Player Dismissals. Three high-profile players were kicked off their respective teams this season. In December, Florida State’s preseason all-ACC candidate Aaron Thomas was the first major dismissal as he was ruled ineligible for the spring semester. Near the end of January, Duke junior Rasheed Sulaimon became the first Blue Devil in the Coach K era to get kicked off the squad for what was called a failure to uphold the standards of the program. Finally, Louisville first suspended and later expelled point guard Chris Jones from the program amid assault charges that were made against him.

Passing of a Legend. If Everett Case is the Grandfather of the ACC, then Dean Smith is the unquestioned father of the league. The venerable former North Carolina head coach’s death in February cast a pall over the rest of the ACC season. Perhaps the most moving scene in all of college basketball this year was the tribute to Smith that was conducted before North Carolina’s first meeting of the year with archrival Duke, when players and coaches from both teams knelt together at midcourt in Cameron Indoor Stadium for a poignant moment of silence.

The tribute to Dean Smith before the Duke-Carolina game in Durham was the most moving moment of the ACC season. (Chuck Liddy/Raleigh News & Observer)

The tribute to Dean Smith before the Duke-Carolina game in Durham was the most moving moment of the ACC season. (Chuck Liddy/Raleigh News & Observer)

Best Conference Debate

All in all, the ACC made great strides in its quest to regain the unofficial title of the best conference in college basketball. Some will point to the league’s great postseason success as proof of its superiority over the Big 12, the darling of the computer ratings. Others will argue that the NCAA Tournament is too small of a sample size to provide a basis for making broad-brushed assumptions. There are flaws in both ways of thinking. Consider that the ACC’s spectacular Second Round performance (6-0) included four games that came down to the final possession. The Big 12, on the other hand, lost both of its games (Baylor and Iowa State) that finished at the very end. Such is the randomness of a single-elimination playoff system, but it can lead to fallacious judgments based on one made or missed jump shot. It is also totally inaccurate to say that the Big 12 was the best conference “all year long” because it resided at the top of all the computer rankings by March. You have to remember that conference ratings are established almost entirely (98%?) on interconference games played before January.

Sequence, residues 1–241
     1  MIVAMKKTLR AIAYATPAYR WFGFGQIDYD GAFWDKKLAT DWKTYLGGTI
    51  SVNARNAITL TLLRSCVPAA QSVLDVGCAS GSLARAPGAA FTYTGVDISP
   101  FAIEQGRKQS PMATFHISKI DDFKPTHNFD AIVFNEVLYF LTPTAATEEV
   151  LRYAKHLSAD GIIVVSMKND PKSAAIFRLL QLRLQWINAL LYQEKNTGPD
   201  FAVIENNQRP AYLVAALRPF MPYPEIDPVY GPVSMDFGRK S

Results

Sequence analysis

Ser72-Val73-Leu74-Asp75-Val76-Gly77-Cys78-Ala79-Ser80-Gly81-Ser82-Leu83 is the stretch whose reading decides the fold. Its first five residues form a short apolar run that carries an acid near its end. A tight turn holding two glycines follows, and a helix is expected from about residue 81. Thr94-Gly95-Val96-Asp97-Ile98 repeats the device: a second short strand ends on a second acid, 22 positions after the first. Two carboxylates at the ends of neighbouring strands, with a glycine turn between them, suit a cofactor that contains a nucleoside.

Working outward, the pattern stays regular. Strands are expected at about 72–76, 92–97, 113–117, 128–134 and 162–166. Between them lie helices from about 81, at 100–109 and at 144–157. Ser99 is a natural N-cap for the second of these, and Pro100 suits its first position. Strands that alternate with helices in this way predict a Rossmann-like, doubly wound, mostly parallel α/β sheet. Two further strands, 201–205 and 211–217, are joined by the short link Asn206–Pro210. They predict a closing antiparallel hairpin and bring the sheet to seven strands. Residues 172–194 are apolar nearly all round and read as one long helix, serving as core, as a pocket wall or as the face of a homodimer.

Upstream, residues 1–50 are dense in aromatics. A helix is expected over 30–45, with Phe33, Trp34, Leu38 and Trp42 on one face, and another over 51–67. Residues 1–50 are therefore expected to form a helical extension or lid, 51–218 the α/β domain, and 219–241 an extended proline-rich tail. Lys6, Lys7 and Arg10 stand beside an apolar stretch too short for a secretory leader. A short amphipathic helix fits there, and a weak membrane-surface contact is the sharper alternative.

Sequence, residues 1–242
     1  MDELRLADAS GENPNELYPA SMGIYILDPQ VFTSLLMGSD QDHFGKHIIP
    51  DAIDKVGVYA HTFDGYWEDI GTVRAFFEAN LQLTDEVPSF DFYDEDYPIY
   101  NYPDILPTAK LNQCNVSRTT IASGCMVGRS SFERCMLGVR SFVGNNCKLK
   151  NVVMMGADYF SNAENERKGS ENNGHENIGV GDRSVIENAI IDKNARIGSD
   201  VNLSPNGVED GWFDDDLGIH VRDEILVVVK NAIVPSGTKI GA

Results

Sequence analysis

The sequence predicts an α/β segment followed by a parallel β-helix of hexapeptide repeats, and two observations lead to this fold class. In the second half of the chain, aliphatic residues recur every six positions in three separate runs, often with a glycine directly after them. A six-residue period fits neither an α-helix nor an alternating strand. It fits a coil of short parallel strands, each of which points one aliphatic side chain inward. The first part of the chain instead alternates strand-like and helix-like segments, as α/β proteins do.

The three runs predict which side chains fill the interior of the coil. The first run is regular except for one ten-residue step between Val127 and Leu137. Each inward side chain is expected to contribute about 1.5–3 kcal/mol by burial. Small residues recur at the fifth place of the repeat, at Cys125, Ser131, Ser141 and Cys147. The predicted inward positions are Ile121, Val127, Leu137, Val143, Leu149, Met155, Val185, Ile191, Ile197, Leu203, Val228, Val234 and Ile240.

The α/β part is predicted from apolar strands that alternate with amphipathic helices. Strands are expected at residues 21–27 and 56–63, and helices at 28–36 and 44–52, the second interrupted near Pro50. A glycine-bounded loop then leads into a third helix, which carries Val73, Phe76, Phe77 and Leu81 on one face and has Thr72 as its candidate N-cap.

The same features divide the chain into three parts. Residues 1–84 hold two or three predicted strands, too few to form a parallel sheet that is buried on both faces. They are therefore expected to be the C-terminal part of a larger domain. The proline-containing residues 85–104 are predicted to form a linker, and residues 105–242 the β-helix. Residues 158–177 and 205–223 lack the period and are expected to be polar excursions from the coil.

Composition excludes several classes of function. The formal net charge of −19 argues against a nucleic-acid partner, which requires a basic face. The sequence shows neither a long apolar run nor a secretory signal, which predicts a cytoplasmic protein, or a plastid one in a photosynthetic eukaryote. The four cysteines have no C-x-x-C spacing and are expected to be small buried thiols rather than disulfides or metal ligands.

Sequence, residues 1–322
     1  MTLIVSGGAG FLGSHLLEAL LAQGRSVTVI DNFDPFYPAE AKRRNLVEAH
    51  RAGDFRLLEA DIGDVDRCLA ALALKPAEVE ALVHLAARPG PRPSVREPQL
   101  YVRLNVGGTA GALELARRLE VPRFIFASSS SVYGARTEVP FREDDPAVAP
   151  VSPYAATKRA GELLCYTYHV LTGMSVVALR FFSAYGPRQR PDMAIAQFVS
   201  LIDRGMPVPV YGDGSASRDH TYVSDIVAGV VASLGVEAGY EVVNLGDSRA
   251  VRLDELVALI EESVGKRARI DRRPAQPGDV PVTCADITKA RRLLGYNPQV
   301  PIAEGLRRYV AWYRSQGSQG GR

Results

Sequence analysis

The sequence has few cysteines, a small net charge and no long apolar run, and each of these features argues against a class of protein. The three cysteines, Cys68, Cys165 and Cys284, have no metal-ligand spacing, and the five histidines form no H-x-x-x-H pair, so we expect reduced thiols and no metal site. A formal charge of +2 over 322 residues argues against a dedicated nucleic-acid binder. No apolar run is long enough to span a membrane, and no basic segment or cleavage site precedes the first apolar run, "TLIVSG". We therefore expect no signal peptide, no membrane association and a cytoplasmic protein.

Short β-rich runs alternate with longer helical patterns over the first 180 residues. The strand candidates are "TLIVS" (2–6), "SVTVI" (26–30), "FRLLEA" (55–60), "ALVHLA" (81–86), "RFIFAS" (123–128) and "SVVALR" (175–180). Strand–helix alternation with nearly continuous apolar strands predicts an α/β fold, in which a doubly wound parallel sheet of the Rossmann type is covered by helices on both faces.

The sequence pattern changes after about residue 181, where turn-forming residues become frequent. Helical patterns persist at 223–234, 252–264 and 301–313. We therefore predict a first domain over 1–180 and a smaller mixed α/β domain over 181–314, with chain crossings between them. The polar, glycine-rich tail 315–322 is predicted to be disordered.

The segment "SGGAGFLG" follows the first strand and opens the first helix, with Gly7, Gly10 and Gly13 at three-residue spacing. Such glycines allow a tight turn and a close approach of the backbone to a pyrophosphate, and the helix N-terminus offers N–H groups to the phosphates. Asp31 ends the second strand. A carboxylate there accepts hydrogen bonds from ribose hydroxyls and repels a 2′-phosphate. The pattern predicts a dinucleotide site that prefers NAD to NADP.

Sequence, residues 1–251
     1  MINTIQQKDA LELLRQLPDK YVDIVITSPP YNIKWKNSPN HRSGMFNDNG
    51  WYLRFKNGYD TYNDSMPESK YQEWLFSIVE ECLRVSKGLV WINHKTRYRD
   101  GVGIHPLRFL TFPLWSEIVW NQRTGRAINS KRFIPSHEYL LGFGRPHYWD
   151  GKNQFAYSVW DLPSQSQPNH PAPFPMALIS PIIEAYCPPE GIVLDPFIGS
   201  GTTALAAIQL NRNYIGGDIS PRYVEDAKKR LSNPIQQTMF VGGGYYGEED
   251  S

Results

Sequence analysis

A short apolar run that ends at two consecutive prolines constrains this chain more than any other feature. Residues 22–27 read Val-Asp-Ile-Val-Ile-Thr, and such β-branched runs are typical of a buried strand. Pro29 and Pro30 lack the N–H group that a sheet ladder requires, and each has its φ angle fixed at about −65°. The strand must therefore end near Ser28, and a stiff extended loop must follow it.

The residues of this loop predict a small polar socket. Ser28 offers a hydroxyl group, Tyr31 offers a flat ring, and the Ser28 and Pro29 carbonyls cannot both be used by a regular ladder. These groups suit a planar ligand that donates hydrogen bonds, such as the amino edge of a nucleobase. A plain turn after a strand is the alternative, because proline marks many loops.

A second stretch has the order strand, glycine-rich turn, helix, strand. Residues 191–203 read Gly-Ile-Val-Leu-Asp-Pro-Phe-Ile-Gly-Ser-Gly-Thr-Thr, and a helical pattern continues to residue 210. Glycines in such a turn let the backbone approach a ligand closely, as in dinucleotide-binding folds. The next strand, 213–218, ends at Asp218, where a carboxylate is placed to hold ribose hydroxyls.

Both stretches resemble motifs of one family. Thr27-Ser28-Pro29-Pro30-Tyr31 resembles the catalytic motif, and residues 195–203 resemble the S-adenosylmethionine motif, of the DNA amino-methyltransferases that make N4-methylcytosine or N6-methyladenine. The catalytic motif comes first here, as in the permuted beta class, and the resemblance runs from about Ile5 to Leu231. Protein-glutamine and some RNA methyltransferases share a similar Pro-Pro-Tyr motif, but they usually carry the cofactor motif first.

It is accurate to say that the Big 12 was the best league in pre-conference play but we have no metric that can yet tell us whether a conference as a whole gets better or worse during conference season. We know that teams all over the country drastically improve or regress after the new year, so it’s entirely reasonable to assume the same holds true for leagues as well. This information gap can lead to false assumptions. When Kansas State (8-10 in the league, #88 KenPom), as an example, went 5-5 against the Big 12’s top five teams, we were told that this was evidence that the Wildcats (and the Big 12) were a good team in a brutal conference. But maybe the opposite premise was true — that the better Big 12 teams actually weren’t as good as they seemed because they kept losing to such a mediocre team. On the other hand, when a Clemson team with a similar profile (8-10 ACC, #80 KenPom) went 0-6 against the ACC’s top five teams, we were told that this showed how soft the ACC’s middle was. But in reality, it may have instead been a case of just how strong the top of the league was. The question now becomes whether the ACC can follow up its impressive season with sustained excellence year after year. We’ll examine the prospects for the 2015-16 season on Monday.

Brad Jenkins (368 Posts)